Note A domain does not restrict the context configuration that you can display using the show running-config command. However, a domain does restrict a user's access to configurable objects in the ACE. You can further restrict the operations that a user can perform on those configurable objects by assigning a role to a user. For information about user roles, see the "Role-Based Access Control" section.
For information about configuring a domain, see Chapter 2, Configuring Virtualization.
Role-Based Access Control
The ACE provides role-based access control (RBAC), which is a mechanism that determines the commands and resources available to each user. A role defines a set of permissions that allow you to access the objects and resources in a context and the actions that you can perform on them. The global or context administrator assigns roles to users based on their network function and the resources to which you want them to have access.
The ACE provides the following predefined roles that you cannot delete or modify:
•Admin—If created in the Admin context, has complete access to, and control over, all contexts, domains, roles, users, resources, and objects in the entire ACE. If created in a user context, this role gives a user complete access to and control over all the objects in that context. A context administrator can create, configure, and modify any object in that context, including policies, roles, domains, server farms, real servers, and so on.
•Network Admin—Complete access to and control over the following features:
–Network Address Translation (NAT)
•Network-Monitor—Access only to the changeto command and show commands except for the following show commands:
If you do not explicitly assign a role to a user with the username command, this is the default role.
•Security-Admin—Complete access to and control over the following security-related features within a context:
–Access control lists (ACLs)
–Interfaces (modify privileges only)
–Authentication and authorization (AAA)
•Server-Appln-Maintenance—Complete access to and control over the following features:
•Server-Maintenance—Real server maintenance, monitoring, and debugging for the following features:
–Real servers—Modify permission
–Server farms—Debug permission
–Load balancing—Debug permission
–changeto command—Create permission
•SLB-Admin—Complete access to and control over the following ACE features within a context:
–Load balancing (Layer 3/4 and Layer 7)
•SSL-Admin—Administrator for all Secure Sockets Layer (SSL) features:
–Public key infrastructure (PKI)—Create permission
–Copy configurations—Create permission
–changeto command—Create permission
In addition to these predefined roles, Admins in any context can define new roles. For more information, see Chapter 2, Configuring Virtualization.
Resource classes allow you to manage context access to ACE resources, such as concurrent connections or bandwidth rate. The ACE is preconfigured with a default resource class that it applies to the Admin context and any user context upon creation. The default resource class is configured to allow a context to operate within a range that can vary from no resource access (0 percent) to complete resource access (100 percent).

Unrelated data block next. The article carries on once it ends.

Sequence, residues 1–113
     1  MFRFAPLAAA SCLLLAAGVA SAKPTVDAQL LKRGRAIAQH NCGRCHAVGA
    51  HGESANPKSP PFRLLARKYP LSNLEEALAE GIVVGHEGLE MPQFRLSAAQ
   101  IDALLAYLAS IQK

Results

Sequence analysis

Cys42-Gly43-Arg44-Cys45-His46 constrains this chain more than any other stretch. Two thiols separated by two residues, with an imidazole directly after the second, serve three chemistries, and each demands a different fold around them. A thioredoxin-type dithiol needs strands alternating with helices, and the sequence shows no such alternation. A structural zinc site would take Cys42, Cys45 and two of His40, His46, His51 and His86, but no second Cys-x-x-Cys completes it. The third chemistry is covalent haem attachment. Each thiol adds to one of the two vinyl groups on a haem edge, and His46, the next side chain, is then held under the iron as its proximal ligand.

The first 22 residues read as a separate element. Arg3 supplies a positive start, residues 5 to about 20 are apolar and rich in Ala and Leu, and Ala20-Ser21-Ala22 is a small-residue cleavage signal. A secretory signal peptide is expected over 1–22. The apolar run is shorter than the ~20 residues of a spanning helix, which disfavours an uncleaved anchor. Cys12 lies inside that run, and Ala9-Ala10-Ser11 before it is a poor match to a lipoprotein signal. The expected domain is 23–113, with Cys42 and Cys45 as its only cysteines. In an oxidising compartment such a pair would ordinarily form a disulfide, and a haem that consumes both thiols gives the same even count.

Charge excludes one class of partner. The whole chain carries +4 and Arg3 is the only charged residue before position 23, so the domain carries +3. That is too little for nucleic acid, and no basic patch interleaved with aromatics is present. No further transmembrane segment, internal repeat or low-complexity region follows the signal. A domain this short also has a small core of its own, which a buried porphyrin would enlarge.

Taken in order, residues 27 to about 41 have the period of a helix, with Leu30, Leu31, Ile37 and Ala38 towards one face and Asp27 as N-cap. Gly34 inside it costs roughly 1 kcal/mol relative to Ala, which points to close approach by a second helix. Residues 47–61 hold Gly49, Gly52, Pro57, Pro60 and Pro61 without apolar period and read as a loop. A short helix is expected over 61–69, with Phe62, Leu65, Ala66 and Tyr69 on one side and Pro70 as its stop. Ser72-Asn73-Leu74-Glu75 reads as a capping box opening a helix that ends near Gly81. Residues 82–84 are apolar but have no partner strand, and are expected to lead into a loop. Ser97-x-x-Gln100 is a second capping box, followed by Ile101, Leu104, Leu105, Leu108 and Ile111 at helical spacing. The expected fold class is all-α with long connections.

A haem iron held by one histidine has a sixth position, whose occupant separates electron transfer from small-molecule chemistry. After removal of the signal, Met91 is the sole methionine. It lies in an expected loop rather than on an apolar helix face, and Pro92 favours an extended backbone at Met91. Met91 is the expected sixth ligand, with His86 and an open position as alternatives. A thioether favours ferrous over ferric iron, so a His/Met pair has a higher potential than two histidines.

When you use the default resource class with multiple contexts, you run the risk of oversubscribing ACE resources because the ACE permits all contexts to have full access to all of the resources on a first-come, first-served basis. When a resource is utilized to its maximum limit, the ACE denies additional requests made by any context for that resource.
To avoid oversubscribing resources and to help guarantee access to a resource by any context, the ACE allows you to create customized resource classes that you associate with one or more contexts. A context becomes a member of the resource class when you make the association. Creating a resource class allows you to set limits on the minimum and maximum amounts of each ACE resource that a member context is entitled to use. You define the minimum and maximum values as a percentage of the whole. For example, you can create a resource class that allows its member contexts access to no less that 25 percent of the total number of SSL connections that the ACE supports.
You can limit and manage the allocation of the following ACE resources:
•Buffers for syslog messages and TCP out-of-order (OOO) segments
•Concurrent connections (through-the-ACE traffic)
•Management connections (to-the-ACE traffic)
•Set resource limit as a rate (number per second)
•Regular expression (regexp) memory
•Static or dynamic network address translations (Xlates)
By default, when you create a context, the ACE associates the context with the default resource class. The default resource class provides resources of a minimum of 0 and a maximum of unlimited for all resources except sticky entries. For stickiness to work properly, you must explicitly configure a minimum resource limit for sticky entries by using the limit-resource command.
For more information about configuring and limiting resources, see Chapter 2, Configuring Virtualization. For more information about stickiness, see the Cisco Application Control Engine Module Server Load-Balancing Guide.